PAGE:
If each opponent has ten creatures on the field, Mizzium Mortars wins the game. Hour of Devastation only needs to hit eight creatures, while Blasphemous Act wins with four. Star of Extinction only needs two. Most decks will usually have a couple spare creatures hanging around; even spell-heavy strategies often rely on their commander. This is also where Varchild, Betrayer of Kjeldor really comes into her own. Alongside Varchild’s War-Riders, we can make sure each opponent has a couple of creatures out pretty much all the time. Most often, the smaller of these effects will win you the game, however. Following Mizzium Mortars with Jaya Ballard, Task Mage a few turns later is usually enough to win the game, and will make sure you don’t accidentally kill yourself too.

Add in some ramp, draw effects, and a little bit of spot removal, and this is starting to look like a deck. No one will expect this kind of playstyle when you sit down with mono-red, but it is a lot of fun. I also enjoy playing this against a grindy table, as it forces creatures to attack and increases the pace of the game. This is also a lot of fun to try if you’ve ever wanted to end a game of Commander in a tie. Bonus points if you do it with Star of Extinction.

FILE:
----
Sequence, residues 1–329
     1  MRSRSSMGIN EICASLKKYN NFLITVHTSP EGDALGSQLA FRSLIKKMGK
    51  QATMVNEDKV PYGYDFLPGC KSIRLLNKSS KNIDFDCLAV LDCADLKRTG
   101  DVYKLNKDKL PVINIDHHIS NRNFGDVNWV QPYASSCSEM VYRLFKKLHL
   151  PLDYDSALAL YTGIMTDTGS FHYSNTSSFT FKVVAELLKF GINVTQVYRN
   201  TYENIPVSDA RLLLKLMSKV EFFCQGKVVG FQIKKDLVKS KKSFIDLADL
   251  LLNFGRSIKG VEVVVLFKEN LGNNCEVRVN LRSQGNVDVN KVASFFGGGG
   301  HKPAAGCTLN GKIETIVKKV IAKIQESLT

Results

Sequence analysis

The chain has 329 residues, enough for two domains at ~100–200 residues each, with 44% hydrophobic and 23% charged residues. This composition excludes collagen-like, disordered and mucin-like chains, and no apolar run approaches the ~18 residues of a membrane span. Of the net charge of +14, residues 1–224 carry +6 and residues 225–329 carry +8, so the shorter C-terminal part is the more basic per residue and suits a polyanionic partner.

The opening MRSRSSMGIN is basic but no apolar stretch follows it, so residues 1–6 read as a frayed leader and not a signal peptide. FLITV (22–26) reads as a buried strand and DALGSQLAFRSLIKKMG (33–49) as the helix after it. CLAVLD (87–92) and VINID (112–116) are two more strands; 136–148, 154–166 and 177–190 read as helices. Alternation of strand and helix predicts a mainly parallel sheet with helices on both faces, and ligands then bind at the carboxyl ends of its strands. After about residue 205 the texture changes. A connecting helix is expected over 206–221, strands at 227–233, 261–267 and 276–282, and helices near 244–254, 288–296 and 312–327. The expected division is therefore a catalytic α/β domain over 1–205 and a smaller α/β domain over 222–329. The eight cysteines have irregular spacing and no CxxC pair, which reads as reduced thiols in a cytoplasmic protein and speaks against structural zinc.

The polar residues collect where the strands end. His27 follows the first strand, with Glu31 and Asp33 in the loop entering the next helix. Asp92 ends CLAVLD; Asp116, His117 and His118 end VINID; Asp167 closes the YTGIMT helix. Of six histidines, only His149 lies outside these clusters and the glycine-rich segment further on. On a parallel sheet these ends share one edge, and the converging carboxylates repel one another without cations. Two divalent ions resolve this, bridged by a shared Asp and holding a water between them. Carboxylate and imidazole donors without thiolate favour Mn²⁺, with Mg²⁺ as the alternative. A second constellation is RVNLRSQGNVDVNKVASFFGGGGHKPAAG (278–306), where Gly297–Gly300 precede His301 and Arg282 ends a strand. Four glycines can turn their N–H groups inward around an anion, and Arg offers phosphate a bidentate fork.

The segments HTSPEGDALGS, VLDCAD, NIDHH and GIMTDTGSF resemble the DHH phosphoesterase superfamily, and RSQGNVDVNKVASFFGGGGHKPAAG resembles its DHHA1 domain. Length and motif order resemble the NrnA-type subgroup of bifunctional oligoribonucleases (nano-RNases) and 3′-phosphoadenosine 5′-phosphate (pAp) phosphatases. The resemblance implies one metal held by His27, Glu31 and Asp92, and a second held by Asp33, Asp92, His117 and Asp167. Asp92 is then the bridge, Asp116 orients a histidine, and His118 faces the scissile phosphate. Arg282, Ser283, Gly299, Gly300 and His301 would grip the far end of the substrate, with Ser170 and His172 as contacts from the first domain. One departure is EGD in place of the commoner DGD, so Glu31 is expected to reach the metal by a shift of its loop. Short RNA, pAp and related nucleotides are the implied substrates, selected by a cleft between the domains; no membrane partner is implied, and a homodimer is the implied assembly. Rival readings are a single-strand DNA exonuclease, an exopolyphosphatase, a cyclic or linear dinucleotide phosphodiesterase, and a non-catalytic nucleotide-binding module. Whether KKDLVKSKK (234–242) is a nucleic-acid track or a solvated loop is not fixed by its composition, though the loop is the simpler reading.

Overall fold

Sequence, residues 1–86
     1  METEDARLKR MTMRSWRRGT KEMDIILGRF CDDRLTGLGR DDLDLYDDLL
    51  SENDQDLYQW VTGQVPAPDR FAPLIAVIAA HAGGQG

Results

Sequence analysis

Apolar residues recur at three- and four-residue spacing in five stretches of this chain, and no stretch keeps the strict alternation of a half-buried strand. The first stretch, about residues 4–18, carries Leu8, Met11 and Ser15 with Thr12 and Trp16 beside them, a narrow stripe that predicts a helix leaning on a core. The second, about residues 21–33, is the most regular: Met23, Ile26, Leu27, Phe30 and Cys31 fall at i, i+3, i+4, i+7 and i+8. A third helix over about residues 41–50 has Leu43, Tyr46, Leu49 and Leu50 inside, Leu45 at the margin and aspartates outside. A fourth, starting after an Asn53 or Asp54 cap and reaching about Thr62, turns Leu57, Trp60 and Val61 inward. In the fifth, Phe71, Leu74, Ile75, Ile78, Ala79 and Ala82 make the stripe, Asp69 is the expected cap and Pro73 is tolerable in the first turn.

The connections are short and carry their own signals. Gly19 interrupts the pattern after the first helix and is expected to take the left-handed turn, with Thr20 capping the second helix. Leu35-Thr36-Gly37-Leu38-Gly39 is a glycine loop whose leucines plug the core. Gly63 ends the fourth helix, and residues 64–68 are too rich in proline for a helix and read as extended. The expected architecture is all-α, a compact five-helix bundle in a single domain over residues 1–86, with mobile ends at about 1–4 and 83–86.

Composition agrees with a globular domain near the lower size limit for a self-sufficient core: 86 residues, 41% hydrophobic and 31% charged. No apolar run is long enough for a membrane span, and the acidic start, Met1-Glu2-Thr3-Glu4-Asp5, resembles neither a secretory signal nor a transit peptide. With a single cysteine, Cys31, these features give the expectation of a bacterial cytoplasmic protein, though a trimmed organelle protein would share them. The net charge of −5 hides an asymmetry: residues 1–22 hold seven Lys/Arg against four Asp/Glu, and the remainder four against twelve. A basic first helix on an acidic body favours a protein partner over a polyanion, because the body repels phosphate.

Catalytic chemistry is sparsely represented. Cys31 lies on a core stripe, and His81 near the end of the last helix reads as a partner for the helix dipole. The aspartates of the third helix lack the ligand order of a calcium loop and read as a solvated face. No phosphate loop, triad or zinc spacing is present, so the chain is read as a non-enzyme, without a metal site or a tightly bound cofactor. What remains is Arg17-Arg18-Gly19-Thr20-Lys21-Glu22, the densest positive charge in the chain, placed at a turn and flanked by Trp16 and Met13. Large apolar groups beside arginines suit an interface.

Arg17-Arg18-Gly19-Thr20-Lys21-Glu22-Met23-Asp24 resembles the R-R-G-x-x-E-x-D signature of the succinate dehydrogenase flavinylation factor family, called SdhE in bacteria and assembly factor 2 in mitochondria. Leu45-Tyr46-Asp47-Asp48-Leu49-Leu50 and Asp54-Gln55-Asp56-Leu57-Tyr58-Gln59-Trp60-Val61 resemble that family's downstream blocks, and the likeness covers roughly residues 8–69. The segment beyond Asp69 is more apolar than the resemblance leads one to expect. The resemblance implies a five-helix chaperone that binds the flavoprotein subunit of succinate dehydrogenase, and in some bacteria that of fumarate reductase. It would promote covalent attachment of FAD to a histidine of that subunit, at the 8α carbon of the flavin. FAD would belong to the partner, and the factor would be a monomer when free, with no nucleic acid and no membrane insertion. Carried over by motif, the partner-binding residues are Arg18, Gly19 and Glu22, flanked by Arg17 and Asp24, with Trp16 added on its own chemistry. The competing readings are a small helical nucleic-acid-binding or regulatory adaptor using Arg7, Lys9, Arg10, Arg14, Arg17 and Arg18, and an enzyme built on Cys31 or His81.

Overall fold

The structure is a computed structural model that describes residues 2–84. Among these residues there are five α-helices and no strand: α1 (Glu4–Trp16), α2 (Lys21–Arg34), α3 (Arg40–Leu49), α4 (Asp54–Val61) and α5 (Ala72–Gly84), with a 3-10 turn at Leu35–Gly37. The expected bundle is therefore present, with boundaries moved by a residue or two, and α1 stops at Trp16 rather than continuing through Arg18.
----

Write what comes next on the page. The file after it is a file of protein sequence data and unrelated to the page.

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That brings us to the end of this week’s Conditions Allow. Have you survived your experiences with Varchild? Did you build her as Group Hug, or Voltron, or a completely different path? What ways have you found to punish your opponents for all the tokens you give away? Let me know in the comments!

Ben was introduced to Magic during Seventh Edition and has played on and off ever since. A Simic mage at heart, he loves being given a problem to solve. When not shuffling cards, Ben can be found lost in a book or skiing in the mountains of Vermont.